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James and the Giant Zucchini


My husband, James, is passionate about many things: boat-building, the seaside, painting, wine-making, and growing rhubarb, zucchini and giant pumpkins.  

However, the spatial constraints of our Toronto courtyard garden, where the genteel David Austen roses, clematis, lilies, and sweet peas were cosseted and thrived, left no room for the brute and thuggish pumpkins, rhubarb and zucchini. They were definitely ‘vegetas non gratas’, and no amount of winsome longing or petulant pleading would change that.


When we moved and had a larger garden, it was with characteristic passion that James planned a rhubarb, pumpkin, and zucchini patch. Why rhubarb, giant pumpkins, and zucchini? They are legendary for vigor, offering the grower guaranteed success. Well, it’s either that or a Freudian ‘Id theory’ like, ‘He who has the biggest squash wins’.


The patch was dug, the seeds and plants installed. Mulch was spread and the rows watered; and that ended his passion for the project. He gained satisfaction. I gained another garden to weed. I now understand why, when he was ten, his mother gave his dog away.


In the end, the deer sampled the rhubarb and infant pumpkins, spat them out, but not before uprooting the entire plant. Unfortunately, they didn’t favour the zucchini with similar attention.


 I had my hands and fridge full keeping-up with the rate of their production, which I managed by using the blossoms for fritters and inventing palatable ways to use the squash without resorting to 1970’s ‘Birkenstock Zucchini Bread’.


 But, In the end, zucchini got the better of me. I turned the patch over in the fall, breaking-up the giant, rampant squash. I know this may only bring them back to haunt me next spring, but I hate losing, and now it’s personal.


As for James, he has acquired a new passion, the Italian cook, Biba Caggiano. He stood in line for two hours to get her signed book for my birthday. The smitten fool returned with two of them, both dedicated to someone named ‘Francesca’.


 Well, whoever this Francesca occupying James’ furtive imagination is, I wish she’d materialize and weed that damn zucchini patch!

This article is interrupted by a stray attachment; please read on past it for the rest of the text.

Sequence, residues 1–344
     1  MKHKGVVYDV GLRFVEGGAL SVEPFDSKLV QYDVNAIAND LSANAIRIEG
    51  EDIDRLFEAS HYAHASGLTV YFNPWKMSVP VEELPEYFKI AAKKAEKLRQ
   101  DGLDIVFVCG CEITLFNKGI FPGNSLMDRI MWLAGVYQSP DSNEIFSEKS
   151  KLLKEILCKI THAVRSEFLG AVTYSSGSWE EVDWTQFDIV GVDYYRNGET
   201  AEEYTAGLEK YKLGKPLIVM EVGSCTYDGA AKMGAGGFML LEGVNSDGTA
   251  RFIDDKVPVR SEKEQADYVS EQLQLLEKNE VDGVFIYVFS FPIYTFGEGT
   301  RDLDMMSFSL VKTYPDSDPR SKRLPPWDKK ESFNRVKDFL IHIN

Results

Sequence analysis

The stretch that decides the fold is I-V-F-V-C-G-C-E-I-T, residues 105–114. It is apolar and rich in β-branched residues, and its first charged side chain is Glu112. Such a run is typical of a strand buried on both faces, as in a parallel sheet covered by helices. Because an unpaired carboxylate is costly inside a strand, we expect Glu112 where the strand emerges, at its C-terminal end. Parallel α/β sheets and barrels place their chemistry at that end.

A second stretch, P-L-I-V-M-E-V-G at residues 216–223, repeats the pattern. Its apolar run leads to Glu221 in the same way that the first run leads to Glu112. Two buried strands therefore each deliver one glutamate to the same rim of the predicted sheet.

Baked Stuffed Zucchini     

                                                                       Serves four as a side dish


  • 4 small or 2 medium zucchini

  • 2 green onions or small bunch chives

  • 2 plum tomatoes

  • ¼ cup cooked peas

  • 4 stems fresh mint or fresh basil

  • 4-5 oz. pancetta diced or 1 link Italian sausage removed from casing (optional)

  • ½ cup cooked bulgur wheat or couscous 

  • 8 ozs. bocconcini cheese, cubed

  • ½ tbsp. olive oil

  • Salt and pepper to taste



  • Cut zucchini in half lengthwise, and scoop-out flesh with a grapefruit spoon

            being careful to leave a margin of flesh inside each half    

  • coarsely chop the zucchini flesh and onions,

  • cut tomatoes in half, gently squeeze pulp out and discard (or freeze to add to soups etc.)  then coarsely chop flesh

  • sauté meat in a tsp. oil until lightly browned, add vegetables

  • sauté until vegetables are just soft, add chopped mint, or basil, salt and pepper to taste

  • remove pan from heat, add bulgur wheat/couscous and cheese 

  • blanch zucchini in boiling salted water for 3 mins., drain and pat dry    

  • fill zucchini with vegetable mixture, bake in a 375 oven for 20 mins. until cheese is melted and zucchini is tender                                                                                               

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